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Introduction

Brachiopods are grouped together as a single phylum, usually assigned by invertebrate zoological textbooks to a group of minor coelomate phyla, and they are quite distinct from the bivalve Mollusca, which they resemble only superficially.

The term "Brachiopodes" was first used by the French palaeontologist Cuvier in 1805 and the following year Duméril formalized the name "Brachiopoda" for an order of the Mollusca. The name is derived from the Greek words for "arm" and "foot" and was given in the mistaken belief that the obvious coiled "arms" (what we now call the lophophore) could be extended from the shell and used in locomotion as "feet". Although this notion was soon shown to be erroneous the name survives enshrined in zoological literature and the term "brachial" is used for structures associated with the lophophore. Not only is the name Brachiopoda misleading as a description of the animals but it can be confused with the group of crustaceans called branchiopods.

Brachiopods are entirely marine sessile benthic invertebrates having different dorsal and ventral valves. They are found in waters from below antarctic ice to tropical reefs and from the intertidal to depths of about 6000 m. Most commonly they occur below low-water mark, from between about 200 m to 500 m depth. For this reason, and because the shells break easily once the animal has died, brachiopods are seldom found on sea shores.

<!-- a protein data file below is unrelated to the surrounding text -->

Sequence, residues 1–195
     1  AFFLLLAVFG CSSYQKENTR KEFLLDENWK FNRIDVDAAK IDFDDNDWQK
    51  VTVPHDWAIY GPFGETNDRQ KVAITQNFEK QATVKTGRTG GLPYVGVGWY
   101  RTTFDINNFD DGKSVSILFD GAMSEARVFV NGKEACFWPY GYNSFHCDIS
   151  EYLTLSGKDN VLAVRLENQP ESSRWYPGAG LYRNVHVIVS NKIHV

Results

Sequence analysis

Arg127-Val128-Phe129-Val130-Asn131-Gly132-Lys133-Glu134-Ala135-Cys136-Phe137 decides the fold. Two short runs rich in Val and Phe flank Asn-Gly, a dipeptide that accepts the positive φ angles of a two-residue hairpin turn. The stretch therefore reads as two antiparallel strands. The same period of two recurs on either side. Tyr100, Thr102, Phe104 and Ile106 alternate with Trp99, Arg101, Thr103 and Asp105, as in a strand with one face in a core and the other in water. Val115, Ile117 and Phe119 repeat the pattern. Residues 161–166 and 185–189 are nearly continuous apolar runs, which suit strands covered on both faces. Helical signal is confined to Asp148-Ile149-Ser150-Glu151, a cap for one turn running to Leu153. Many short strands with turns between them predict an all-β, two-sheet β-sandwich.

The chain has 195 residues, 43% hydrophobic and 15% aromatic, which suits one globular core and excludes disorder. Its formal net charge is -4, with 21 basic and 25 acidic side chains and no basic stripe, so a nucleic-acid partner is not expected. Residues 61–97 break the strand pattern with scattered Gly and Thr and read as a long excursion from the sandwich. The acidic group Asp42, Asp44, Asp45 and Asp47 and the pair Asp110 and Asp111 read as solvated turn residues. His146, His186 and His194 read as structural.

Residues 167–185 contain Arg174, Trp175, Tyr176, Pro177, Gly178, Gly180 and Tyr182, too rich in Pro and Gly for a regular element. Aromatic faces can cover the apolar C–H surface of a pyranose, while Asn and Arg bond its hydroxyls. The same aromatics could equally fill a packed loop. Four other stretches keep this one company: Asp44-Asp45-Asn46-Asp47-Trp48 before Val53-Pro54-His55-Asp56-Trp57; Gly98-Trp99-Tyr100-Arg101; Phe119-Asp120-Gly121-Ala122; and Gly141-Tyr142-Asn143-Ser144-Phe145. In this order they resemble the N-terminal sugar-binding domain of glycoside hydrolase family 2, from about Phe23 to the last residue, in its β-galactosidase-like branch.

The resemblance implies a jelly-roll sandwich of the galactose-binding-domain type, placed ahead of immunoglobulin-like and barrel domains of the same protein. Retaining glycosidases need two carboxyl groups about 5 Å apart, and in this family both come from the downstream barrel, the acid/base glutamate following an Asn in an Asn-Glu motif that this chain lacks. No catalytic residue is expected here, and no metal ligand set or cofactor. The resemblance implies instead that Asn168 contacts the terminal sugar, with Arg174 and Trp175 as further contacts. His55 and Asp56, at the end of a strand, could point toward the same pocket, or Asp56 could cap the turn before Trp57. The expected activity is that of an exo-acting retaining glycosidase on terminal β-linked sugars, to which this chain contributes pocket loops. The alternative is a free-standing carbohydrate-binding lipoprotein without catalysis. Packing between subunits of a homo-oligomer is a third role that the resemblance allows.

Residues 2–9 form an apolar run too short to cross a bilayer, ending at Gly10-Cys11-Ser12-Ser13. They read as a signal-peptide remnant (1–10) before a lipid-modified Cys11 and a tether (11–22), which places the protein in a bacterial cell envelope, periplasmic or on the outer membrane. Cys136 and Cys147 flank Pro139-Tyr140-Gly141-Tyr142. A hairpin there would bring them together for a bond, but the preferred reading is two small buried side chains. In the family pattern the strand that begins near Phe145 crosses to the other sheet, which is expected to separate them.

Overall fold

Brachiopods are divided into two classes according to the lack or presence of articulating structures between the two valves of the shell - the Inarticulata and the Articulata. Today brachiopods are less diverse than in past ages when their shells were commonly preserved in marine sediments. For this reason fossil brachiopods are commonly more familiar to people than are Recent species (fossil species).

Brachiopods are usually identified from their shells alone, partly because they are studied more by palaeontologists than by zoologists, but also because internal shell morphology reflects the form of many of the principal internal organs.

Source: Brunton and Curry, 1979.